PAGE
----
COMMITTEE FOR THE COMPUTING SERVICE
Annual Report for the year 1971-2
Last year’s Annual Report noted that 1970-1 had seen the completion of the new building, installation, and start of service on 1906A, and the start of rundown of KDF9. In 1971-2 the rundown of KDF9 was completed; the 1906A service was further developed; there were some substantial enhancements to the 1906A; and the University started thinking about its replacement.
2. KDF9 closedown
KDF9 continued to work on a single shift in parallel with 1906A from August to December. There was a hard core of users who were either completing projects which were not worth transferring to 1906A, or were busy converting them for 1906A. The machine was finally closed down just before Christmas 1971; the overlap with 1906A had been approximately nine months compared with initial estimates of twelve months, and there were no requests for KDF9 time to be made available on machines elsewhere.
The KDF9 was sold to a computer maintenance organization (the proceeds being returned to the Treasury). The PDP8 was retained and transferred to 19 Banbury Road: plans were in hand to use it to support a graphics device attached to 1906A. The graph plotter equipment was also retained.
3. 1906A Service
At the beginning of the period under review, the 1906A was processing substantially more work than it had been possible to process on KDF9. The quality of service and reliability of both hardware and software did, however, leave much to be desired.
During the year hardware reliability improved slowly although it tended to fall immediately after major hardware changes to the system; by the end of the year it was running at a the rate of about four hardware faults per week.
The mean time between software faults improved from about 10 hours at the beginning of the period to about 40 hours at the end. More important, the mean time between faults causing loss of filestore - the most disruptive occurrence in the system - improved from about 30 hours to several weeks.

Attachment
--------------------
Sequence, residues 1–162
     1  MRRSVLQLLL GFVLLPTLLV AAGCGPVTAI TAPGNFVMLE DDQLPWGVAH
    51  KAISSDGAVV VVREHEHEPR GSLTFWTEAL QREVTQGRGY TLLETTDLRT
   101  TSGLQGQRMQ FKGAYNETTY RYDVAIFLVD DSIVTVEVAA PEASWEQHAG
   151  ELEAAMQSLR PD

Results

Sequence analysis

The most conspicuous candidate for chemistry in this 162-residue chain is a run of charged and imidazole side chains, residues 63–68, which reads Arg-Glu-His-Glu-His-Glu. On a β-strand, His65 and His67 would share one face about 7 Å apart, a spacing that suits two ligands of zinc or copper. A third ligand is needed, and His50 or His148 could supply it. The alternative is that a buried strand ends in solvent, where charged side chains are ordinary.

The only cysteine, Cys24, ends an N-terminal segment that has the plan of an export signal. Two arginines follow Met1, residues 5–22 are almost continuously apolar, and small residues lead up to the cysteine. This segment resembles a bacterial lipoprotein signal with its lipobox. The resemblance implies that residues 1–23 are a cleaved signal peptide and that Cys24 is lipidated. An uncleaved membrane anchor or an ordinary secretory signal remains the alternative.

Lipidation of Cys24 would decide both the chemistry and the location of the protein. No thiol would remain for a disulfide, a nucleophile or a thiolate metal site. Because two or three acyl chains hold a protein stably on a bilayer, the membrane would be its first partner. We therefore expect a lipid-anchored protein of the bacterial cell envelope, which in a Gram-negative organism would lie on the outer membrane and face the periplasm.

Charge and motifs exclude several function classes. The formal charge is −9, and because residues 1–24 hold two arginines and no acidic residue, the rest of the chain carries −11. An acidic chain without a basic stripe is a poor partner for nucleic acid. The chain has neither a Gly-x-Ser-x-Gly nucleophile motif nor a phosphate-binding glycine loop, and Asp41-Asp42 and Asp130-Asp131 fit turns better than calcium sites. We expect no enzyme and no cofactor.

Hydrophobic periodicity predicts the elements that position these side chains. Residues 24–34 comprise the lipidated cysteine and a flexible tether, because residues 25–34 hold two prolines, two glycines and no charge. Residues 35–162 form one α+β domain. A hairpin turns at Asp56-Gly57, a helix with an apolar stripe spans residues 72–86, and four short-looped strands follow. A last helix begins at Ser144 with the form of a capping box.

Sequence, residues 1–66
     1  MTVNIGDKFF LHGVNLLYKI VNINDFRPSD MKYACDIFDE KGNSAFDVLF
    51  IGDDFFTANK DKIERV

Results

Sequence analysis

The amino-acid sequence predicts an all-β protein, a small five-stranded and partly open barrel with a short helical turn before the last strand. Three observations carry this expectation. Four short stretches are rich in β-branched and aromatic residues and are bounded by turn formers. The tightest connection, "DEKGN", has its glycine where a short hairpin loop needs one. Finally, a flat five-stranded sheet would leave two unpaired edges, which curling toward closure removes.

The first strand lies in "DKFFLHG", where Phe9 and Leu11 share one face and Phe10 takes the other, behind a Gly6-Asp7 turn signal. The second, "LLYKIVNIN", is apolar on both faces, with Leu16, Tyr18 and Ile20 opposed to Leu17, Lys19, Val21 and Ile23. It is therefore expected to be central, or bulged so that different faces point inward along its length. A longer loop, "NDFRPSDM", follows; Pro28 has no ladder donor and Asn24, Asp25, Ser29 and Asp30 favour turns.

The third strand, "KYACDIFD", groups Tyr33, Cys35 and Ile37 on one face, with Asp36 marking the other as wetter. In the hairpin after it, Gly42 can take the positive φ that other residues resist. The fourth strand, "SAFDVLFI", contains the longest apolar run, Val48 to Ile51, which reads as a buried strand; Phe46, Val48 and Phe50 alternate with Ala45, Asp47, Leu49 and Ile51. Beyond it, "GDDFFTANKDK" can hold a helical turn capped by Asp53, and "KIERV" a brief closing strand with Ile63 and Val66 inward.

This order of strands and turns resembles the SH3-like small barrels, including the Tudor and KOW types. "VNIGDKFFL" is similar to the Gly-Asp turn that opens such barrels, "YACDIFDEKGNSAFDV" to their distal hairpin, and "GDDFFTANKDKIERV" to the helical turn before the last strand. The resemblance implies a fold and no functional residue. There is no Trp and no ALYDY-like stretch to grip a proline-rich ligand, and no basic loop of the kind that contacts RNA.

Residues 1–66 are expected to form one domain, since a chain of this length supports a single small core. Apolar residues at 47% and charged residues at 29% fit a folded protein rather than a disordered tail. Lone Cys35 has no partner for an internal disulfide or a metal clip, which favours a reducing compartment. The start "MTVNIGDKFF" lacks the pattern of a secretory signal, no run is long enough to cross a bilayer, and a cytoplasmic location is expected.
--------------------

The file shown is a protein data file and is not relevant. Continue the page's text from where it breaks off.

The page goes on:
The service made various changes to the operational software to improve operational efficiency and reliability, or to improve user facilities. An increased number of applications packages were supported, including principally the first two marks of the Nottingham Algorithms Group (NAG) Library.
During the year the Computer Board funded a seven spindle exchangeable disc store system, and an additional 128K of core store. This equipment resulted in a better balanced configuration, and substantially improved throughput of the system. Particularly important benefits were a much faster response to the cafeteria service, and the ability to support more MOP consoles at an acceptable level of system performance. The board also approved the provision of improved graph plotting facilities, the first phase of which (an off-line controller to run the plotter transferred from KDF9) was installed during the year; the second phase, an improved graph plotter, was approved for 1972-3.